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Neuroscience and Social Work Practice
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Neuroscience and Social Work Practice
The Missing Link



December 2008 | 200 pages | SAGE Publications, Inc

Over the past 30 years, findings in the neurosciences have grown exponentially and have provided a profound understanding of the link between behavior and biology. Although the Social Work community has long taken pride in using a bio-psycho-social-spiritual (BPSS) framework in conceptualization and intervention, the biological aspect of this BPSS framework has been sorely missing. Neuroscience and Social Work Practice provides the critical missing link. Introducing the latest neuroscience research, it gives practitioners essential data—in an easily accessible form—with which to take on the challenges of increasingly complex human problems and diagnoses.

Key Features

  • Takes readers on a "tour of the brain" and makes dense scientific material more engaging 
  • Provides a framework for how human service professionals can understand and implement neuroscience clinical data with the use of the Transactional Model
  • Uses case vignettes to explain how neuroscience findings have been applied to specific practice situations
  • Offers a deeper understanding of the links between neuroscience research and social work in such areas as trauma, attachment, psychotherapy, substance abuse, and the effects of psychotropic medications


Intended Audience
This cutting-edge text is indispensable for practitioners in the human services field and is an essential supplement for upper-level undergraduate or graduate students of courses in Human Behavior in the Social Environment and Social Work Direct Practice as well as courses on Interpersonal Practice with Individuals, Children, and Families.


 
1. Linking to the Neuroscientific Revolution
Linking

 
What's Neuroscience, in a Nutshell?

 
Social Neuroscience

 
Book Contents

 
 
2. Tour of the Brain
Selected Characteristics

 
Selected Functions

 
Selected Geographical Features

 
 
3. Neuroscience as Link: Transactional Model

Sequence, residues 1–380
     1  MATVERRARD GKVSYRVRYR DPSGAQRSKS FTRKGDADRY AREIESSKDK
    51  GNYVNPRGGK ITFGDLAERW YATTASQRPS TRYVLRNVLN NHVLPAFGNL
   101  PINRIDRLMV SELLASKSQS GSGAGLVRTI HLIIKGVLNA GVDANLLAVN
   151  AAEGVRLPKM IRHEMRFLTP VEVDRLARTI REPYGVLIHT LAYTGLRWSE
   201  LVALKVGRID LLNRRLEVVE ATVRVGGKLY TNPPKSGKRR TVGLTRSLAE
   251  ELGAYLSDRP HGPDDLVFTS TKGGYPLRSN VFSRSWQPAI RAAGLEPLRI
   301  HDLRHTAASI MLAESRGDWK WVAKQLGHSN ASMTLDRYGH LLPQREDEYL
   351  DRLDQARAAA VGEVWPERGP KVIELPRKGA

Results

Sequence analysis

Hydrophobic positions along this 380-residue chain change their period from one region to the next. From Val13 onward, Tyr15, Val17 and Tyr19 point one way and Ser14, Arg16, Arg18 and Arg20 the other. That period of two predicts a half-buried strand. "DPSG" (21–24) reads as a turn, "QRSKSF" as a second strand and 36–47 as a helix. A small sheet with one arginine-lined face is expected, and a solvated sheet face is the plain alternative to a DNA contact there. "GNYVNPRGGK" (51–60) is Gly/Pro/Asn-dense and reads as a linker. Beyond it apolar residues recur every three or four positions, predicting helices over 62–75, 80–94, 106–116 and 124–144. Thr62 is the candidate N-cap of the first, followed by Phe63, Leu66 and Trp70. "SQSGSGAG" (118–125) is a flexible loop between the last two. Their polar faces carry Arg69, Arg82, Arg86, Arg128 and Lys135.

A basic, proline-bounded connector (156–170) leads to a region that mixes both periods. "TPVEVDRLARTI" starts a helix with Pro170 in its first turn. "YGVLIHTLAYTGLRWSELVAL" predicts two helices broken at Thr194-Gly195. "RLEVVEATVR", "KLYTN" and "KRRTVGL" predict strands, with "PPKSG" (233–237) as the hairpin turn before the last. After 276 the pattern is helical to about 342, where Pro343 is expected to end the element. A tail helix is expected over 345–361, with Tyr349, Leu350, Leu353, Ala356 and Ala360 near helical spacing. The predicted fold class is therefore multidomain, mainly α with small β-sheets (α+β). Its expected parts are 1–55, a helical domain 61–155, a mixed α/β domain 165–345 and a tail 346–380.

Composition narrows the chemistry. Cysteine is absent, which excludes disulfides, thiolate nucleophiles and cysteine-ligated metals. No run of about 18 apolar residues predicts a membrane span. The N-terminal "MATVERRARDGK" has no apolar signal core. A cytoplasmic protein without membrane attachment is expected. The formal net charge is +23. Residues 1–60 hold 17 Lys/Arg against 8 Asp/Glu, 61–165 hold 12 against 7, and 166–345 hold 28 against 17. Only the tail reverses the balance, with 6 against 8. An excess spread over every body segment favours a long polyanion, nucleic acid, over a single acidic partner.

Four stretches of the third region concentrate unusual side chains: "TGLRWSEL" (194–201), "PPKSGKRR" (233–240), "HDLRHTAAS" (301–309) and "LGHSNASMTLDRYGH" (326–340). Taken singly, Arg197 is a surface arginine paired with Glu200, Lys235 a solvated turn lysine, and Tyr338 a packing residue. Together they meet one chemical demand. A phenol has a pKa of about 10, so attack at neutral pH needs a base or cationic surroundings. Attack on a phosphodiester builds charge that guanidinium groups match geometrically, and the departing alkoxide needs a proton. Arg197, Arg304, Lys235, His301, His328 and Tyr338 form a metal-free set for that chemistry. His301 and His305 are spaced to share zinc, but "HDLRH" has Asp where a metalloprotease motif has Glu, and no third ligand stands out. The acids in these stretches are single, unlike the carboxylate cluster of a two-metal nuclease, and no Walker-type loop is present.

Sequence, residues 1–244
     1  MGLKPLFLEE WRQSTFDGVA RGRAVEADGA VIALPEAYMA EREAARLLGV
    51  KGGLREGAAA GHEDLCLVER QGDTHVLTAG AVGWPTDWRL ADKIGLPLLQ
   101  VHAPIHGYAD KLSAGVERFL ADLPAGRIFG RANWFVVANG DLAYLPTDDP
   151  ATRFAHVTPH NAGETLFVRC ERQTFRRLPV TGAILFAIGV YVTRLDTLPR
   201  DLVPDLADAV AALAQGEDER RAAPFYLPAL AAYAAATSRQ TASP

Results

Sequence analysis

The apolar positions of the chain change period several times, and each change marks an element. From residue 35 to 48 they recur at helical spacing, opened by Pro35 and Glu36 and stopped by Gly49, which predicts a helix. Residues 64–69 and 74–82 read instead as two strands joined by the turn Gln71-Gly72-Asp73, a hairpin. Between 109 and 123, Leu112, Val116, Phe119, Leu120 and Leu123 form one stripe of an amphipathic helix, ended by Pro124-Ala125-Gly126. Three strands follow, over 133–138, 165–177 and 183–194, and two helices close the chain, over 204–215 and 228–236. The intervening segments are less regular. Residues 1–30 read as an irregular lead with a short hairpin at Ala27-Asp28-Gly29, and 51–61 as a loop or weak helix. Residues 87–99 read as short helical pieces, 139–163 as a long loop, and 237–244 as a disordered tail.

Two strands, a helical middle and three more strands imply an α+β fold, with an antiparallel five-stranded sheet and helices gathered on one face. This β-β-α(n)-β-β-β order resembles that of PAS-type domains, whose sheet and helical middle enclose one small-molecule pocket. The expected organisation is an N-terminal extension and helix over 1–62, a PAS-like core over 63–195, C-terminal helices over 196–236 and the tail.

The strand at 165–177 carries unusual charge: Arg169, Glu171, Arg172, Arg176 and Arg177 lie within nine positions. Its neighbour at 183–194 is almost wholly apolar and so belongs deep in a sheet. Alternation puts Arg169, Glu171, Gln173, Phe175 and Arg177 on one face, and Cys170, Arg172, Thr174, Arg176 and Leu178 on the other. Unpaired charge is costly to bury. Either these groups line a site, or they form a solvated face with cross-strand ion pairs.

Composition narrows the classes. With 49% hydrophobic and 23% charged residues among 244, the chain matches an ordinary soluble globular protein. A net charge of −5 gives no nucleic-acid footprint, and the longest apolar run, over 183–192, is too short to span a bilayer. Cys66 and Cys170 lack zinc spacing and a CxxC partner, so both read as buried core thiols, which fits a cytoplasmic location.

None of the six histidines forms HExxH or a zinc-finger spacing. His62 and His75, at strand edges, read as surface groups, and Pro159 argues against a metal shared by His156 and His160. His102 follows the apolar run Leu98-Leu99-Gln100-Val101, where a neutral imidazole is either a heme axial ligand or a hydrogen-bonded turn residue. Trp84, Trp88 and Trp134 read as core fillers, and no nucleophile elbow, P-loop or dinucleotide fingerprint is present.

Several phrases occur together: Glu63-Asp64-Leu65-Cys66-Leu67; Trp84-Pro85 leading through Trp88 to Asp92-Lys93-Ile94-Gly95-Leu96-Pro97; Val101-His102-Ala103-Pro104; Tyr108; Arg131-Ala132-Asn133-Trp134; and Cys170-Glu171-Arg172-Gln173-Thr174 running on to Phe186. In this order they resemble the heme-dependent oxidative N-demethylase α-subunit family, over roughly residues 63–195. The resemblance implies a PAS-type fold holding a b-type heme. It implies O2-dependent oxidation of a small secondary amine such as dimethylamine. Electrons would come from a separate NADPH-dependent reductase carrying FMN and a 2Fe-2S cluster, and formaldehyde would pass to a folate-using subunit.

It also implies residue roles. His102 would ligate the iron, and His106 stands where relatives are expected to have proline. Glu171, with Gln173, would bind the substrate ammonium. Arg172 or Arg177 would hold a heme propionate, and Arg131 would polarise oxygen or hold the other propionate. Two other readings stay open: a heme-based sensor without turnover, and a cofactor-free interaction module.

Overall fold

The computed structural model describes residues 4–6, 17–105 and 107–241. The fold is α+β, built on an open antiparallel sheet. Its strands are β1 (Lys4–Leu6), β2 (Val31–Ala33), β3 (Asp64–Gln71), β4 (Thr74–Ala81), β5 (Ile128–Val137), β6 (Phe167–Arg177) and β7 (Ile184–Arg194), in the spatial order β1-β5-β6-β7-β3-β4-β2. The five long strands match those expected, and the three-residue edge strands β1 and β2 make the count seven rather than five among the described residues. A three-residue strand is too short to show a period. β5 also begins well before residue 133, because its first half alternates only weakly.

Overenthusiasm

 
Underenthusiasm

 
The Model

 
 
4. Linking to Social Work: Attaching and Bonding
Attachment Theory: Bowlby’s Missing Link

 
Bonding (and Oxytocin)

 
Understanding?

 
 
5. Linking to Social Work: Trauma
Increase Reliance on Science-Based Explanations

 
Incidence and Severity of Problems Linked to Trauma

 
Darryl: The Quest for Better Social Work Practice

 
A Neurodevelopmental View

 
A Multidimensional View

 
Advocating

 
Deeper Than It Need Be

 
 
6. Linking to Social Work: Psychotherapy
Understanding

 
Practice

 
Opportunities

 
 
7. Linking to Social Work: Psychotropic Medications and Drugs of Abuse
Psychotropic Medications That Help

 
Drugs That Hurt

 
Transactional Model Revisited

 
Clients’ Peril

 
 
Appendix: Teaching Suggestions
 
References
 
Index
 
About the Author

To add about Neuroscience to this course in SW theory.

Ms Barbara Reifel
Social Work Dept, California State University - Bakersfield
September 4, 2012

IF I teach the child development course again soon, this text will be adopted - I think it is an excellent resource - I just am not teaching child development this semester. I think it makes the concepts understandable for Master's level social workers, and I think it is important that they have that understanding.

Marji Edguer
Applied Soc Sci, Case Western Reserve University
April 24, 2010

This book is very well written & timely but I am looking for similar information for a nursing audience.

Professor Barbara Morrison
F Payne Bolton Sch Of Nursing, Case Western Reserve University
January 11, 2010
Key features
  • Tours the brain: Helps to make difficult material a bit playful and more interesting, via the imagery of a journey; provides ten characteristics of the brain and selected brain structures.
  • Use of the metaphorical term "Linking" throughout the book. This is given additional meaning by the use of the Transactional Model.
  • Use of the Transactional Model. It provides a conceptual framework for gathering and understanding clinical data and using it in practice; it helps to not be under- or over-enthusiastic about any one domain of the bio-psycho-social-spiritual-challenge in living.
  • Case vignettes are dispersed throughout the book.
  • Deeper understanding (based on neuroscience research) of social work practice in such areas as trauma, psychotherapy, and substance abuse.
  • Deeper understanding (based on neuroscience research) of individual variations in the effects of psychotropic medications.

For instructors

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